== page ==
Late 1929. The young Soviet Empire was just getting to its giant feet. Bitterness and tears of the WWI and the Civil War were already behind. The civilized and developed countries were looking at the newly emerged country in a very intent and examining way, trying to predict what this dark horse could come up with on the political map of the half-ruined world.
In Germany National Socialist German Workers’ Party headed by Hitler was growing in leaps and bounds, The Triple Ententeâ€™s former allies were keeping their eyes wide open as well.
That was the right time to convince the world that the new country, formed on the basis of torn and suffering Russia, had new heroes and new achievements.
The journal was founded as a supplement to the main journal, but it outgrew its father very quickly and became an independent periodical. Now its issues are considered as a real treasure of modern art, a counter-current of the time and a vivid example of socialist realism.
Ambitious goals of USSR in Construction, the main propaganda journal of the country, demanded for a high-quality artistic approach. The photos and montages were made from images by the Soviet Union’s most prominent photo-journalists.
Mindcatching articles were composed by recognized word-men. On the early stages of the journalâ€™s life foreigners were also involved into its creation, including the father of photomontage John Heartfield. For 11 years (1930-1941) the journal was published in five languages — Russian, French, English, German, and Spanish â€“ with the aim to cover the most part of the reading world and show the greatness of the USSR. Of course, common people couldnâ€™t access the issues, as the journal was created primarily for the western left-wing intellectuals and business people. Bernard Shaw, H. G. Wells, John Galsworthy, and Romen Rolland were among its subscribers. The journal kept readers abroad informed of the all large-scale constructions taking place within the USSR.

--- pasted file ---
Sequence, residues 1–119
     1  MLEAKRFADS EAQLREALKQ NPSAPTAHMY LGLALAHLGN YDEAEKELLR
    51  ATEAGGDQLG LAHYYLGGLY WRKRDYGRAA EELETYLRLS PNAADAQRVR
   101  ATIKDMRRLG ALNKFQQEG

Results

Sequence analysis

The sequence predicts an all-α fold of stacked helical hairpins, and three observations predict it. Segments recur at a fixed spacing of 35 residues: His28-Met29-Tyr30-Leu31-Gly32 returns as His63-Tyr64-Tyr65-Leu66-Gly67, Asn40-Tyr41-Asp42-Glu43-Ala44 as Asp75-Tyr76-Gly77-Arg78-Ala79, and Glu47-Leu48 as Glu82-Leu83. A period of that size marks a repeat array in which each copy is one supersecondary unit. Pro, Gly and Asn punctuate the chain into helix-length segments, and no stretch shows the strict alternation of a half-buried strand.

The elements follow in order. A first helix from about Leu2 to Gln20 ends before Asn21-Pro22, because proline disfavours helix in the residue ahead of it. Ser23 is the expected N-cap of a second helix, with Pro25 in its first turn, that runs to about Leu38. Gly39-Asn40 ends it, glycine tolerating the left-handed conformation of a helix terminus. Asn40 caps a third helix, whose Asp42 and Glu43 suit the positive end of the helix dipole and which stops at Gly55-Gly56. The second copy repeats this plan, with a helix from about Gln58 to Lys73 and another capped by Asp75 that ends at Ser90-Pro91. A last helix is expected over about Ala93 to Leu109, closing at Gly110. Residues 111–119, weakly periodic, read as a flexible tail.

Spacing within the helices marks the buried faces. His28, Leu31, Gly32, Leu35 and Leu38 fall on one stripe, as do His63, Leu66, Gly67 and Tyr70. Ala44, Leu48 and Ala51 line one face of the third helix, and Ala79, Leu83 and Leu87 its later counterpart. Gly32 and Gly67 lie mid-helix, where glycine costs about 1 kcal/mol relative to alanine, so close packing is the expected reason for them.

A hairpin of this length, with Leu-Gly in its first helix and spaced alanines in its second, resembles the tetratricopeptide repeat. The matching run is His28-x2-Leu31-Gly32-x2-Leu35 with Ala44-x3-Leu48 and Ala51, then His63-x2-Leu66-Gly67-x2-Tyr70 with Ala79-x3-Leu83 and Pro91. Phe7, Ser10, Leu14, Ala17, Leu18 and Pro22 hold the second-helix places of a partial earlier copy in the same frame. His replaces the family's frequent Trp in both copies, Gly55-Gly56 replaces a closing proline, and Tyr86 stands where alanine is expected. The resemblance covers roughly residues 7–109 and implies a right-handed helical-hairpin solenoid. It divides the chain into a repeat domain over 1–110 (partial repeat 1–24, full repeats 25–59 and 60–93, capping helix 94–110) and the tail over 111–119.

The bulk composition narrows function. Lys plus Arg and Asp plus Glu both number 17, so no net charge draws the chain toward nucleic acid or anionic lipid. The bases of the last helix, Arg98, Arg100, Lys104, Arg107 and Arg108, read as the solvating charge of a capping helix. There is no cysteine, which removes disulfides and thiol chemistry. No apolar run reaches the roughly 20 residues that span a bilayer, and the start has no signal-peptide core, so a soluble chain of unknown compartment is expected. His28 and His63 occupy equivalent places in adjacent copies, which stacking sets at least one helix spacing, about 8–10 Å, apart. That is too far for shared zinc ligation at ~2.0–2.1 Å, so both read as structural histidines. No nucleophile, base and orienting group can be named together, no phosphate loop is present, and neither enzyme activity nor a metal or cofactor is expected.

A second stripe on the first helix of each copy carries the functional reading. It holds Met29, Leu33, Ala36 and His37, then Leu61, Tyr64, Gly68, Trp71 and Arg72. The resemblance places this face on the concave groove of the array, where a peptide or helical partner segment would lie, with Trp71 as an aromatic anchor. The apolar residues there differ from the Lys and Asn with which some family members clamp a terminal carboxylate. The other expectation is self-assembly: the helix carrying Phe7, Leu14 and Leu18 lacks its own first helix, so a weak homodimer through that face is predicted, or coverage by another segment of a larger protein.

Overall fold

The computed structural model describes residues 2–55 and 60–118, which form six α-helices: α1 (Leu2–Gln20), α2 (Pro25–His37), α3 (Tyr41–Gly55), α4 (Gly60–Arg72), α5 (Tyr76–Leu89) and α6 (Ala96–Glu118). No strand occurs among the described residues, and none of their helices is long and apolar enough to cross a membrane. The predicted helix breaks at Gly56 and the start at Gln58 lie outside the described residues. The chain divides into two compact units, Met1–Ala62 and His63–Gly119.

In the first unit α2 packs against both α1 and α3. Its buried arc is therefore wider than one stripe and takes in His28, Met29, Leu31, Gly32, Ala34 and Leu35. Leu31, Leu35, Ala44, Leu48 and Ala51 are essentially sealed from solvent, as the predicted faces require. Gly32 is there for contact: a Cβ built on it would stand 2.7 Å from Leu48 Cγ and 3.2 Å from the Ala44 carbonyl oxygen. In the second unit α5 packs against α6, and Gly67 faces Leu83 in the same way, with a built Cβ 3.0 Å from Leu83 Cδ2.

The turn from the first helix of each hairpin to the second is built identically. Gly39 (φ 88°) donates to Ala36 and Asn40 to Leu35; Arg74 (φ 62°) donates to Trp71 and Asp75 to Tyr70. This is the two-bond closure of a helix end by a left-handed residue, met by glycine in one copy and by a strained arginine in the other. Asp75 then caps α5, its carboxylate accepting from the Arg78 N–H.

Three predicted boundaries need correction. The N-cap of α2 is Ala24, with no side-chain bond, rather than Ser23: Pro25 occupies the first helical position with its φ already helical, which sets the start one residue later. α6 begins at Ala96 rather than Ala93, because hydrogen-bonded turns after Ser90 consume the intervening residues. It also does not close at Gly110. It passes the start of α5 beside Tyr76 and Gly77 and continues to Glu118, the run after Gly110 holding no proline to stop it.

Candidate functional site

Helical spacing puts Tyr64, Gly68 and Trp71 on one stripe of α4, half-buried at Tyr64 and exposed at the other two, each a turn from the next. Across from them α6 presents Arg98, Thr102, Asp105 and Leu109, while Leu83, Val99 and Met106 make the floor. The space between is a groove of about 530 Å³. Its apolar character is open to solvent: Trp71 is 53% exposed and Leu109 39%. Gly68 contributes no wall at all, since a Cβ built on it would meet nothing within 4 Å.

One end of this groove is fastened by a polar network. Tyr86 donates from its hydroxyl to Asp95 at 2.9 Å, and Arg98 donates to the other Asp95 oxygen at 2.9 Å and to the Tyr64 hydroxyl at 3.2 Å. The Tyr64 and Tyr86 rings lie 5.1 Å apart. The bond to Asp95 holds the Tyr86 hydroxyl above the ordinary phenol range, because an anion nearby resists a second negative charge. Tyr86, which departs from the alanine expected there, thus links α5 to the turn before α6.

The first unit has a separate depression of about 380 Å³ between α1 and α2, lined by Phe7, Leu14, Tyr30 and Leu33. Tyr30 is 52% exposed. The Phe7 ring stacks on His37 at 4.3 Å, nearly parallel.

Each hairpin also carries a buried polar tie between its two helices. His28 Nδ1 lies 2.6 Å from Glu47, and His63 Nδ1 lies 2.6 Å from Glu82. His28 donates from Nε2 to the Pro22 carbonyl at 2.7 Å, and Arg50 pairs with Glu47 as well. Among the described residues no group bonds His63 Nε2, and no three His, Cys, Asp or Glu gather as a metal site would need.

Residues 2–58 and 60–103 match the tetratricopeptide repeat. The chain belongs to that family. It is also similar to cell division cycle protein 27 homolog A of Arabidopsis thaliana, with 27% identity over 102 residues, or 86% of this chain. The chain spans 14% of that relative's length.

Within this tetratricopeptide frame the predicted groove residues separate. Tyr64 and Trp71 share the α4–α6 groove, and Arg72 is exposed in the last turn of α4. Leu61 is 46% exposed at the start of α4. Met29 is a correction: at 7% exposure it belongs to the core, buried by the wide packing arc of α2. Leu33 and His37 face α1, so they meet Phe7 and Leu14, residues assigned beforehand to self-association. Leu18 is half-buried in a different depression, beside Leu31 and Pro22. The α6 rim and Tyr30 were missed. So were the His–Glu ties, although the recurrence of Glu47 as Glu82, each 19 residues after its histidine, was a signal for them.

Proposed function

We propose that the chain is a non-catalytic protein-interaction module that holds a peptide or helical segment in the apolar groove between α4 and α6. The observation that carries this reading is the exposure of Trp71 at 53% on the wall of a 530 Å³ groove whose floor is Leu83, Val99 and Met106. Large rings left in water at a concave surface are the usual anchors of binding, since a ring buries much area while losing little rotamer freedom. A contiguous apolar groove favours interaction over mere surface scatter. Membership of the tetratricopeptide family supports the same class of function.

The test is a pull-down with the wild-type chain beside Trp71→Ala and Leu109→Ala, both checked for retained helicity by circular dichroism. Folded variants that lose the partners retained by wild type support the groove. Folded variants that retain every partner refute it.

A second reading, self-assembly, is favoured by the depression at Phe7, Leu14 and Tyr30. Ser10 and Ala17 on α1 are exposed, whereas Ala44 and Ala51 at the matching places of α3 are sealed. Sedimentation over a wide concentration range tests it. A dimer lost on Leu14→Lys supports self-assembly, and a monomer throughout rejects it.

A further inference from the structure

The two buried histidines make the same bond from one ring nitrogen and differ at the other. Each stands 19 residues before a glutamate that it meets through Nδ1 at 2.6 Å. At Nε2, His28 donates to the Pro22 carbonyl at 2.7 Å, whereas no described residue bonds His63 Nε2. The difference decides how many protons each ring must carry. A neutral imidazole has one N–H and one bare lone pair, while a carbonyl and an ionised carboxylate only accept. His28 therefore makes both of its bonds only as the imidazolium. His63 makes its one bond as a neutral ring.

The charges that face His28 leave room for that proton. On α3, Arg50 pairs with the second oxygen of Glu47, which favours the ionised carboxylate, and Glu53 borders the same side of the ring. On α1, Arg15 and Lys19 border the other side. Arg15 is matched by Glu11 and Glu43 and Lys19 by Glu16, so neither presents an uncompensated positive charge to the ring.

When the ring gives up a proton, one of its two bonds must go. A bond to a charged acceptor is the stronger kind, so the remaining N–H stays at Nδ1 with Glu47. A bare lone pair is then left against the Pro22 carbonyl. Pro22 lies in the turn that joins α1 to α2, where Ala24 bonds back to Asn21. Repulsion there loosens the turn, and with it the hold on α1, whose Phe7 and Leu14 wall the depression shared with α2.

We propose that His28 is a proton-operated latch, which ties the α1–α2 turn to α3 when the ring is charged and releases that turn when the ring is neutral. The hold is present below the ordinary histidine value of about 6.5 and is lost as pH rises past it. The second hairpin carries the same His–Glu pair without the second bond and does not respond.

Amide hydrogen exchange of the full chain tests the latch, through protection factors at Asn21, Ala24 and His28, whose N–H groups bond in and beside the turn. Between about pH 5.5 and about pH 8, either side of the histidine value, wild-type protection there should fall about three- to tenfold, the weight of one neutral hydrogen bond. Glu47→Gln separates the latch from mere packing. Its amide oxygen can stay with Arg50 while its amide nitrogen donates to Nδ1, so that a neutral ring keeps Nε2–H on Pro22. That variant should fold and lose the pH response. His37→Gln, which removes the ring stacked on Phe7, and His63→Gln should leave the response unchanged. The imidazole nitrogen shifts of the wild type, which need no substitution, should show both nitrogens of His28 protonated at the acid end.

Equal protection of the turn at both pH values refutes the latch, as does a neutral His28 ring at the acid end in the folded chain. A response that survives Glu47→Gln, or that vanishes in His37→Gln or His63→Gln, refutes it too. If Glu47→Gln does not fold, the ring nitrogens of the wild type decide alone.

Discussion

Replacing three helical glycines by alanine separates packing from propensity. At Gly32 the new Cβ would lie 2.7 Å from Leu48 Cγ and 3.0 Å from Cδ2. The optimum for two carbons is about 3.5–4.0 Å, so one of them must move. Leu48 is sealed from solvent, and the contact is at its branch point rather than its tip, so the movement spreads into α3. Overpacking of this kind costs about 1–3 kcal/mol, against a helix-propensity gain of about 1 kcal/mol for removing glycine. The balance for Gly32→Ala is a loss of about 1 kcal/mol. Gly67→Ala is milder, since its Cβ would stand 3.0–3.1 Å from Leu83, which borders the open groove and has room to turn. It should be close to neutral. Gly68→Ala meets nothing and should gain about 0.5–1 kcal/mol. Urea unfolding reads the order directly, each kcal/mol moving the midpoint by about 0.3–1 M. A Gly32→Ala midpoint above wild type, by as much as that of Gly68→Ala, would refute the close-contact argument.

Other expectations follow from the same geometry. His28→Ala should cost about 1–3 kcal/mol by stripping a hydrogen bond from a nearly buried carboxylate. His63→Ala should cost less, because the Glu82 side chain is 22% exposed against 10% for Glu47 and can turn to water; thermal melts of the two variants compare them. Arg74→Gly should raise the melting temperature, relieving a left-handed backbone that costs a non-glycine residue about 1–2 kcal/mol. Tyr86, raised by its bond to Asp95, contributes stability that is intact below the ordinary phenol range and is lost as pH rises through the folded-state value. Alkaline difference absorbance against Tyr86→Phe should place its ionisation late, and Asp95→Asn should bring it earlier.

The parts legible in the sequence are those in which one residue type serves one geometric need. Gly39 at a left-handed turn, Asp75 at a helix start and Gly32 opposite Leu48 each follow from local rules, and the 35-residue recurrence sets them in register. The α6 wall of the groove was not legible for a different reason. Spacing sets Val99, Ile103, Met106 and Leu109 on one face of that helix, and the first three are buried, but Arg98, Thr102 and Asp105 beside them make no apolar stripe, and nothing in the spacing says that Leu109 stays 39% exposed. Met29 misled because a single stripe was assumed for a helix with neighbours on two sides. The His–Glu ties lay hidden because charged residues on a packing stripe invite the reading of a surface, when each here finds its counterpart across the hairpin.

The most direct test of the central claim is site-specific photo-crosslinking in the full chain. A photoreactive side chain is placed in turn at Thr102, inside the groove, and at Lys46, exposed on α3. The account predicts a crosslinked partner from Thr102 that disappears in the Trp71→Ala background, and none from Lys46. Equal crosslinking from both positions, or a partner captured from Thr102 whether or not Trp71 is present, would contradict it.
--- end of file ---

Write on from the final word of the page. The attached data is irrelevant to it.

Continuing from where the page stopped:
Gradually the party elite became the main readers of the journal and turned to be a kind of an annual progress report, though, a very reach one.
The size of the journal was really huge for that time. Oversized pages (almost A-3 format) and multi-page fold-outs on a high-quality printing paper were totally new for the readers of the USSR and other countries. For special occasions the creators of the journal used to present really exclusive issues. For example, one of them, devoted to the 17th Congress of the Communist Party, was wrapped into the pieces of cloth of balloon “USSR”, which reached record 60695 feet. A gramophone record with stories about the experiments went with the issue. Please, note, that it was 75 years ago, in 1934. The issues devoted to the Maxim Gorky aircraft (the Tupolev ANT-20) were in the aluminium (!!!) cover. And in other issues of 1936, which was devoted to Georgia, the pictures were partly printed with gold leaf (!!!). With this, the text was just to support the pictures, used to be short and went mainly in the propaganda style.
For that period USSR in Construction was the most avant-garde in terms of time and style and obviously ahead of its epoch. In many ways it could have been a real competitor of more recent publications, though, it didnâ€™t manage to cope with changes in the domestic policy. The Great Patriotic War marked the end of the journalâ€™s life, and all the attempts to revive it in 1949 werenâ€™t fruitful. New era, new views.